Money market accounts could soon join "free checking" in the dustbin of retail banking history.

That's what various portfolio managers who make up a large chunk of the industry are saying could happen if regulatory provisions being discussed in Washington are enacted. The new rules, still to be officially proposed by the Securities and Exchange Commission but being widely discussed behind the scenes, are meant to protect the money market by preventing panic in a financial crisis.

But asset managers do not see things that way.

"The generosity of giving you the choice of which way to die is really not much of a choice," J. Christopher Donahue, president and chief executive of large portfolio manager Federated Investors, told the Wall Street Journal about the upcoming rules. His firm -- which handles assets constituting about 10 percent of the $2.66 trillion investors hold in money funds -- is planning to sue the government once rules are released, the newspaper reported.

"We're going to do everything in our power to attack it," Donahue said.

In a Feb. 3 letter to the SEC, Fidelity Investments, another portfolio manager that handles an even larger chunk of the market -- $433 billion -- said reforms being discussed "could spark retail and institutional investors to pull significant amounts of assets out of money-market mutual funds, leading to unintended consequences for the financial markets and U.S. economy." The letter cited internal research among Fidelity clients that suggested 47 percent of retail investors would close out or pull money out of their money market accounts if specific rules are enacted.

Floating value, fleeing customers

"Money funds and their institutional investors are keenly opposed to floating the NAV (net asset value) on their funds," Joseph Abate, interest rate strategist for Barclays Capital, wrote in a recent research note to clients, referring to a proposal industry insiders find particularly objectionable.

"Floating the NAV," which is one of the things the upcoming SEC rules are believed to require of fund managers, involves reporting the actual mark-to-market value of securities held in money market funds at regular intervals. Current rules allow fund managers to report projected values.

Other rules being considered include obliging portfolio managers to set aside a percentage of the amount deposited in money market accounts as capital buffers, and another rule preventing people from withdrawing all the money in their money market account immediately -- they'd have to leave 5 percent of the balance in the fund for 30 days after requesting a full withdrawal.

While these measures are intended to prevent "runs" on money market funds, in which a large portion of depositors suddenly ask for their money back, they would also eat into the margins such funds would be able to yield, making them less attractive overall.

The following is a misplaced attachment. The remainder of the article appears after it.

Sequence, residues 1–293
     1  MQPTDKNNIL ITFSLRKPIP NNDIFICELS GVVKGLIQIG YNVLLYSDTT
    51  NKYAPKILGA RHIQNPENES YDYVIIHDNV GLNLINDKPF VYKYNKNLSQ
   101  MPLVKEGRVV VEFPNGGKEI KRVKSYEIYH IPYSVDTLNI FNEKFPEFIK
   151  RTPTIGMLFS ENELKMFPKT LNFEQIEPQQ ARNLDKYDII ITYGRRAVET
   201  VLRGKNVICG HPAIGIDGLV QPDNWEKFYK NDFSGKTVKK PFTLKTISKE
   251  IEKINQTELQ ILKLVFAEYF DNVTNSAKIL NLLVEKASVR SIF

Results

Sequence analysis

"As a result, it is unclear how much of the institutional money held in money funds ... would 'go elsewhere'," Abate wrote in his note.

Main Street Savers and Wall Street Investors

Assets in the nation's retail money market accounts amounted to $926.52 billion last week, according to industry data. The difference in the balance is made up by institutional money market funds, used by investors wishing to park their cash in ostensibly ultra-safe short term investment vehicles. The yield customers are being paid varies widely, but the national average, according to consumer finance Web site, is an annualized 0.13 percent.

Once a saver (or an investor) puts cash into a money market account, portfolio managers use the funds to buy investment-grade notes -- generally ultra-short term government securities and day-to-day corporate loans known as commercial paper. What that all means is that, were the money market to shrink or fold altogether, public institutions and private corporations would see somewhat of a squeeze in daily financing.

Already, the commercial paper market has undergone a substantial amount of scaling-back, with the amount of this debt outstanding from financial institutions, for example, falling to levels below those seen in 2008, when the collapse of broker-dealer Lehman Brothers brought a financing squeeze.

The downfall of Lehman Brothers is actually instrinsically linked to the current regulatory issues. In Sept. 16, 2008, worries about money market funds being exposed to worthless Lehman Brothers commercial paper sparked a run on money market funds that was only halted when the government stepped in with a taxpayer-funded backstop.

The government is trying to prevent that from happening again and the issue for the regulators now is to strike the balance that protects the market without "finishing the job" that Lehman started.

Critics say they are far away from that balance.

The rules being hashed out by the SEC would "force an enormous number of sponsors out of the business and leave those that remain with a product that nobody will want to invest in or make available to investors," Paul Schott Stevens, president of the industry Investment Company Institute, told the Journal.